How can a computer win at Jeopardy? Elementary, my dear Watson

Paul Raven @ 17-06-2010

This is not only an interesting story, but an engaging piece of journalism, and I heartily recommend you go read it: it’s an NYT magazine piece about Watson, an IBM artificial intelligence project headed by one David Ferucci that does something that artificial intelligences have heretofore been unable to do: beat human players at Jeopardy! [found in a tweet by @noahtron, which was retweeted by someone I follow who, regrettably, has slipped both my memory and my notetaking process – apologies for incomplete attribution]

I’ll pick out a few highlights for the short-on-time, but bookmark it for reading later anyway. We’ll start off with the methodology:

The great shift in artificial intelligence began in the last 10 years, when computer scientists began using statistics to analyze huge piles of documents, like books and news stories. They wrote algorithms that could take any subject and automatically learn what types of words are, statistically speaking, most (and least) associated with it. Using this method, you could put hundreds of articles and books and movie reviews discussing Sherlock Holmes into the computer, and it would calculate that the words “deerstalker hat” and “Professor Moriarty” and “opium” are frequently correlated with one another, but not with, say, the Super Bowl. So at that point you could present the computer with a question that didn’t mention Sherlock Holmes by name, but if the machine detected certain associated words, it could conclude that Holmes was the probable subject — and it could also identify hundreds of other concepts and words that weren’t present but that were likely to be related to Holmes, like “Baker Street” and “chemistry.”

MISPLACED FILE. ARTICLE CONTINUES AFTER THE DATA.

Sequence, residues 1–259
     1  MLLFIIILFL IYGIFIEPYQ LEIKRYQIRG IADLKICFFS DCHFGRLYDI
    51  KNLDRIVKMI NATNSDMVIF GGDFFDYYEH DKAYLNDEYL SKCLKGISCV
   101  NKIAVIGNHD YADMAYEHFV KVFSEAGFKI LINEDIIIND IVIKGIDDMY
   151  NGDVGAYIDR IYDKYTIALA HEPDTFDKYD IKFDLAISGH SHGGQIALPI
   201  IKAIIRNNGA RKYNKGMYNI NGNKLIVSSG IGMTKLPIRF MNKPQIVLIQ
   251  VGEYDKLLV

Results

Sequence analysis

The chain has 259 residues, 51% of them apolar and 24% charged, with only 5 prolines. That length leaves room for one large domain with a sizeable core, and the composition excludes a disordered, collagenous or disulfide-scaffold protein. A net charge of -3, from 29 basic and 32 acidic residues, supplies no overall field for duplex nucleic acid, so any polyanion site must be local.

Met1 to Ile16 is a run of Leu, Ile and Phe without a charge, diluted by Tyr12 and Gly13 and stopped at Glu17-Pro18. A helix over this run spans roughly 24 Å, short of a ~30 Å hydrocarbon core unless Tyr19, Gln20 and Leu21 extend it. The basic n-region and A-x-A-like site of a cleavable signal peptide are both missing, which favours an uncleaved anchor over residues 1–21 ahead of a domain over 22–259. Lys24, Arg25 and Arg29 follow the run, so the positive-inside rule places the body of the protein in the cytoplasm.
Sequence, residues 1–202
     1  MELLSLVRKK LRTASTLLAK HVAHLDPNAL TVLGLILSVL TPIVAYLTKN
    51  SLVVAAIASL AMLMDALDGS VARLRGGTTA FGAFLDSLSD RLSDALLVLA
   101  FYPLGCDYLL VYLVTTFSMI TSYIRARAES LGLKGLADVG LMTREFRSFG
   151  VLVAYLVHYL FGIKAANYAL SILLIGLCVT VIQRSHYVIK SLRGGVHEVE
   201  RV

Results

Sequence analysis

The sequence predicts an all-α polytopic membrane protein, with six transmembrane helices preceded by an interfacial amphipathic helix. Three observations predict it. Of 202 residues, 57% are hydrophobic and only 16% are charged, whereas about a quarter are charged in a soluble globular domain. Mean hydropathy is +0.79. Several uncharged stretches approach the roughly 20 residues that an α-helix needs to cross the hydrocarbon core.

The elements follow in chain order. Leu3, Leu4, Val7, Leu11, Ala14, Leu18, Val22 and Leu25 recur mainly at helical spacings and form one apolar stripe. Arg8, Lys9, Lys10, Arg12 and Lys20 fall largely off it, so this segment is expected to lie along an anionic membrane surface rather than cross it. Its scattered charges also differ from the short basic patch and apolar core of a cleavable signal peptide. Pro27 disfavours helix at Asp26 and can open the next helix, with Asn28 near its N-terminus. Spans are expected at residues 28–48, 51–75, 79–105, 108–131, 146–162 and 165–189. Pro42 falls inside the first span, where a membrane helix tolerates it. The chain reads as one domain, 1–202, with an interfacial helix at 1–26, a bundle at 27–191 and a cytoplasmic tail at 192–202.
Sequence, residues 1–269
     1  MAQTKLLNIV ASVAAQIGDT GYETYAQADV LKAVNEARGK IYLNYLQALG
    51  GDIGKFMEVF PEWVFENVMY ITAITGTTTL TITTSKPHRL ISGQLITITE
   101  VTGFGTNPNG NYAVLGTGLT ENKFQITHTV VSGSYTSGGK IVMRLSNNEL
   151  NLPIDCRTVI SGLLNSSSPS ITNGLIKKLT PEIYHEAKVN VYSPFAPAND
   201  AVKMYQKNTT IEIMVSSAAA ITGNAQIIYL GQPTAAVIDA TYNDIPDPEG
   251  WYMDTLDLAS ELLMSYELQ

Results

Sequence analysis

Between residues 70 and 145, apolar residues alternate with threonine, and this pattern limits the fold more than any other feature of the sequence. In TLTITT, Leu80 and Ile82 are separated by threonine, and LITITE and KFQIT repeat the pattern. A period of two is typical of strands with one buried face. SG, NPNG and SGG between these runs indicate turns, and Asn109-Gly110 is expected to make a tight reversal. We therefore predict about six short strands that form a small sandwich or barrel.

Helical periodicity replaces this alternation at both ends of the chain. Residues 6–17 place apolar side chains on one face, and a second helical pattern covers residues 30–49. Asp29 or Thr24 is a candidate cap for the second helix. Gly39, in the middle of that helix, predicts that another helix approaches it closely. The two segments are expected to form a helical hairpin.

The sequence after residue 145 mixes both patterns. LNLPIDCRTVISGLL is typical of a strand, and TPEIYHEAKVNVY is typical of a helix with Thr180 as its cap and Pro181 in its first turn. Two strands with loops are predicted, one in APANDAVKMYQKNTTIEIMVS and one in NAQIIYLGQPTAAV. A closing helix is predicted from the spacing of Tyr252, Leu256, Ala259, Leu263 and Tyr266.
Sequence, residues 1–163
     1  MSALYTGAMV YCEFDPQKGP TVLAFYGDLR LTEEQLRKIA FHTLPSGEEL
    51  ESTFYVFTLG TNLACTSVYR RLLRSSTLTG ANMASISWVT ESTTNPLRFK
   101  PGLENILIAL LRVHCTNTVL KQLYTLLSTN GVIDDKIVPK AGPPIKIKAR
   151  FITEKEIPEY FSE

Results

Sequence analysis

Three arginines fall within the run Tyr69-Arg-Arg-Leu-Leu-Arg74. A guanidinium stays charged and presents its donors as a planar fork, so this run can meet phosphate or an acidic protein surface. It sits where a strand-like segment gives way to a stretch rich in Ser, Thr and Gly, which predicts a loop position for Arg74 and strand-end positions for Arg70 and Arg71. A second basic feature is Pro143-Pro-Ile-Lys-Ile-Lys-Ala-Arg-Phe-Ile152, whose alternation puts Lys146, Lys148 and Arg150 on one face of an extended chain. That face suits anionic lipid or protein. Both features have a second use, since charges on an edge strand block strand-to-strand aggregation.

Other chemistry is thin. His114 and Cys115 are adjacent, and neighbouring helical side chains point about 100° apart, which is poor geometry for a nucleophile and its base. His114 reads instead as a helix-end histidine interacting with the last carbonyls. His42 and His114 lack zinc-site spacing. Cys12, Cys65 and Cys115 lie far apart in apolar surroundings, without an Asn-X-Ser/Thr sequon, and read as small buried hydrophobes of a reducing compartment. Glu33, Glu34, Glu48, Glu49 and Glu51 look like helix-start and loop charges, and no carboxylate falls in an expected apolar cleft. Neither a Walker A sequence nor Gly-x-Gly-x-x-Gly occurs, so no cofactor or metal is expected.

In theory, this sort of statistical computation has been possible for decades, but it was impractical. Computers weren’t fast enough, memory wasn’t expansive enough and in any case there was no easy way to put millions of documents into a computer.

Those are no longer obstacles, of course, or at least not obstacles on the same scale. So, add multiple parallel algorithms, shake vigorously, and…

Watson’s speed allows it to try thousands of ways of simultaneously tackling a “Jeopardy!” clue. Most question-answering systems rely on a handful of algorithms, but Ferrucci decided this was why those systems do not work very well: no single algorithm can simulate the human ability to parse language and facts. Instead, Watson uses more than a hundred algorithms at the same time to analyze a question in different ways, generating hundreds of possible solutions. Another set of algorithms ranks these answers according to plausibility; for example, if dozens of algorithms working in different directions all arrive at the same answer, it’s more likely to be the right one. In essence, Watson thinks in probabilities. It produces not one single “right” answer, but an enormous number of possibilities, then ranks them by assessing how likely each one is to answer the question.